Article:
Uplifting Her Voice

Breonna Taylor’s death was the first time many Americans had heard about Black women experiencing police brutality. Maybe a few Americans had heard of the death of Sandra Bland, but the hundreds of other Black girls who lost their lives due to police brutality failed to have their stories told and receive justice for the harm done.

Throughout my life, I have seen the harms that can occur when we do not center the stories and experiences of Black girls. They lead to people forgetting the lives that Nia Wilson, Rekia Boyd, and Kendra James lived. So often, Black girls are spoken for, stripping away their agency. Seldom, do spaces advocate for and uplift the voices of Black girls. I decided to participate in the 20 l 20 Scholars program because I want to utilize this project as a platform to better understand how we can make spaces better for Black girls in America.

Within policy, programming, and organizing, we can mostly directly address the needs of those we are seeking to help when we center our work within the voices of those who will be most impacted by the problem and solution. So often, individuals who are not situated within the context of the problem believe that they can offer the best solutions. However, when people are not keen to all of the factors that shape one’s experiences, they may end up doing more harm than good. When we ask Black girls, “What do you need? What does a better and more just world look like for you,” those answers can allow us to craft solutions that best meet the needs of the group that we are seeking to serve. Black girls are the experts of their own experience, and stakeholders need to understand and believe that when crafting programming and policy.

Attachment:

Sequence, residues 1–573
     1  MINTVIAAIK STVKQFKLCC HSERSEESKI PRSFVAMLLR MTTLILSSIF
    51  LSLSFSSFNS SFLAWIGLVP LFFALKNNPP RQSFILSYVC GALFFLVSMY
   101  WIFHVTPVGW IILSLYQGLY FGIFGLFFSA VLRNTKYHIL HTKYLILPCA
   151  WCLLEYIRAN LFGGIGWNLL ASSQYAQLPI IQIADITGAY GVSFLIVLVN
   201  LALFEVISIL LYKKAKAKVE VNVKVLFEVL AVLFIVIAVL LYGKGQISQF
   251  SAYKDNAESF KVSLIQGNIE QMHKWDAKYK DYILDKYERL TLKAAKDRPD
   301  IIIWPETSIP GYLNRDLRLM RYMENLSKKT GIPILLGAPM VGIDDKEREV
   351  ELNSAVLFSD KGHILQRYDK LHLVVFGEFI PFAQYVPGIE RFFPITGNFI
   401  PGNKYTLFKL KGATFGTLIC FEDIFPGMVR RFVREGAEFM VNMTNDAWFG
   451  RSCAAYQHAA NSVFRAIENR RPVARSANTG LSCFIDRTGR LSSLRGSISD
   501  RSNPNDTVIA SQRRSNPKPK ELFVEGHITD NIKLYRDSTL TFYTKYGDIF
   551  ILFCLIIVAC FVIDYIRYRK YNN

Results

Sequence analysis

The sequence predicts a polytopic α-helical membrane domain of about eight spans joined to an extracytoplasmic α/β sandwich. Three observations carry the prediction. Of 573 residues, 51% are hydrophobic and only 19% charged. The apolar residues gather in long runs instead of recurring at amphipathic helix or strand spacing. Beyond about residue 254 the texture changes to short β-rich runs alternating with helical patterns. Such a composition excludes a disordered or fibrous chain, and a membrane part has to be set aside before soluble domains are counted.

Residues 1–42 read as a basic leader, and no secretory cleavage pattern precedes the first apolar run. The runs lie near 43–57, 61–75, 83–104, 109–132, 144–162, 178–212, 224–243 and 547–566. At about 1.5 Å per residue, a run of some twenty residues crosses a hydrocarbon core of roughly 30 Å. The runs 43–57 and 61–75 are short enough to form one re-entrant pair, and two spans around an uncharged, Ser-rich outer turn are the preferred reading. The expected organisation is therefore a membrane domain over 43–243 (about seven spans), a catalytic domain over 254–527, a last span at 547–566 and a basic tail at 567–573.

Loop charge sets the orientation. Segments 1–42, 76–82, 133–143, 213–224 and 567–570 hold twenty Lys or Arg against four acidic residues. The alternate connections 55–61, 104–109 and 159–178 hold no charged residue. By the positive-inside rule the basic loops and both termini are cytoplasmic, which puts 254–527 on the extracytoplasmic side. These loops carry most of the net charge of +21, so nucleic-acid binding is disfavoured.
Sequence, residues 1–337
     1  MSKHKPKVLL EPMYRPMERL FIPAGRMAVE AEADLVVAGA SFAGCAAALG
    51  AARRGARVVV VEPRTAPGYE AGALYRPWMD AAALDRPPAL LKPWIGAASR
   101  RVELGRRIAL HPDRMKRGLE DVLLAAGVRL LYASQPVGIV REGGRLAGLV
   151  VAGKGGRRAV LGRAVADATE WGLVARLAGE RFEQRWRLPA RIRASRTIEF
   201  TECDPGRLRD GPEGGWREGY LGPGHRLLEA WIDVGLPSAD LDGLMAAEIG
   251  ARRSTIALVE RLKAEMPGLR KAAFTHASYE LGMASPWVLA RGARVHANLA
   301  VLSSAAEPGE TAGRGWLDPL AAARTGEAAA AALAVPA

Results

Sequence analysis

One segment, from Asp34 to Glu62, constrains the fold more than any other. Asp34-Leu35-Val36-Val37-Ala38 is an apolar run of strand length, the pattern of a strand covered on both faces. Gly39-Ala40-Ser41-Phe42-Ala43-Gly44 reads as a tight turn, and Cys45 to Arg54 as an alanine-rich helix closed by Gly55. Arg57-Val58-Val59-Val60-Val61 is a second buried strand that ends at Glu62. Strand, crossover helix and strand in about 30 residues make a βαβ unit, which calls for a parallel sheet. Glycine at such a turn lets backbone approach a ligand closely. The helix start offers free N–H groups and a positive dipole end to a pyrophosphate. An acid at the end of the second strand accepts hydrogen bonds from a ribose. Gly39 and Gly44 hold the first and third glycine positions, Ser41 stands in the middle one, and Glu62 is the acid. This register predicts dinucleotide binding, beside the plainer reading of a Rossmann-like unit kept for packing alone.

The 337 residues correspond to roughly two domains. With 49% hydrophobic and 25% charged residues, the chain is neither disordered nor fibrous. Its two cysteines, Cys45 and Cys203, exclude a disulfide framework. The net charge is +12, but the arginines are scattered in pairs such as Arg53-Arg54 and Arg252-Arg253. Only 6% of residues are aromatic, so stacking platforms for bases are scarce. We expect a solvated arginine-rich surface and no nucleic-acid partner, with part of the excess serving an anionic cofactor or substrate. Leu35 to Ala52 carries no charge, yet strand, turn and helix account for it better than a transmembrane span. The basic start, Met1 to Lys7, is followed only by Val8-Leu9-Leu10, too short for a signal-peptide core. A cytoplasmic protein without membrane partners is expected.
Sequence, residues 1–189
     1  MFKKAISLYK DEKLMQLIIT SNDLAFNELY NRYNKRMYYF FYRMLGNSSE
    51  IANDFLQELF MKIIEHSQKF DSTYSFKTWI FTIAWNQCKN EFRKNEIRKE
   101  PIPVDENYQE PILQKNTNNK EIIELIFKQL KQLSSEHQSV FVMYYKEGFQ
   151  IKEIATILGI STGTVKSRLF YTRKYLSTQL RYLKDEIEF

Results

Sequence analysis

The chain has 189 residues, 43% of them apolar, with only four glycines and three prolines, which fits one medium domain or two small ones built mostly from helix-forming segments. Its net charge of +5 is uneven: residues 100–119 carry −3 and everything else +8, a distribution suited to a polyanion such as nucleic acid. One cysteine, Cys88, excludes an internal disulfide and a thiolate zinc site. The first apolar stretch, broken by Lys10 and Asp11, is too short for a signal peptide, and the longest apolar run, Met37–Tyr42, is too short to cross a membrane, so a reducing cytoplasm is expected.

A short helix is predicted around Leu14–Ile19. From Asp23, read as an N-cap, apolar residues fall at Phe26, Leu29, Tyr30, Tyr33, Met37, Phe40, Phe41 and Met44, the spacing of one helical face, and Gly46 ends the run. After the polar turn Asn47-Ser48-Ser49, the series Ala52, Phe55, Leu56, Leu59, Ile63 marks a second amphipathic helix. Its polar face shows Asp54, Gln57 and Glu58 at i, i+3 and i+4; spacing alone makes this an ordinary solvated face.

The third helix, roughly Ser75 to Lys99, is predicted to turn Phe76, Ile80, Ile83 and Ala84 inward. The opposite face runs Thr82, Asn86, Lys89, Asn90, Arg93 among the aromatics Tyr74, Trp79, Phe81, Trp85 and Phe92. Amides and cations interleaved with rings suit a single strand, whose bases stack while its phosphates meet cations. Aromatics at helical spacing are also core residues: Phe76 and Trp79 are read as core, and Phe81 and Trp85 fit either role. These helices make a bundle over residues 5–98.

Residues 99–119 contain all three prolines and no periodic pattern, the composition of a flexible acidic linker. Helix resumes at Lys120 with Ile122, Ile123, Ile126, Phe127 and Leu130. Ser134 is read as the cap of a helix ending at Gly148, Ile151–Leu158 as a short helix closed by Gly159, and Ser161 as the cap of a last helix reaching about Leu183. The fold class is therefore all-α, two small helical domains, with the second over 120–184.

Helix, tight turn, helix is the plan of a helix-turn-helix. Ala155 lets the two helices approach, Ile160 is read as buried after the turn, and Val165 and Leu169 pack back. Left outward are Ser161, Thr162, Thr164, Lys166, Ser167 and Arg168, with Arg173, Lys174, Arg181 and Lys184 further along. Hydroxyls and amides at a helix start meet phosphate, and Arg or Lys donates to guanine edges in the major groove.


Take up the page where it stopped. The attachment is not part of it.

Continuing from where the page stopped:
My participation in the 20 | 20 Scholars program will provide me with a platform to better understand how we can make Black girls’ voices a priority in all decision-making spaces that affect any aspect of their lives. I want to engage in conversations that promote an understanding of how we work to provide justice, freedom, and liberation for Black girls across the United States. Even more importantly, I want to better understand the national landscape for working to promote justice for Black girls.

I have often thought, what am I willing to sacrifice to better the lives of Black girls, and it is my labor. So often in social justice work, we say that it is unfair or unjust to put the labor on the oppressed to educate the oppressor. Personally, in the work that I am involved in, I am willing to be the person who works alongside both the oppressed and the oppressors to educate the oppressor so that we can work towards a solution. Too often, I have been the only Black face in so many of the spaces that I occupy. I was conditioned to be the one to speak up for my community. Though this was sometimes a lot to ask of a young student, it has now become a passion of mine. I find power in speaking up and being a voice to educate. So, while this feat can be draining, I find joy in knowing that I can work to make spaces, communities, and systems better for Black girls.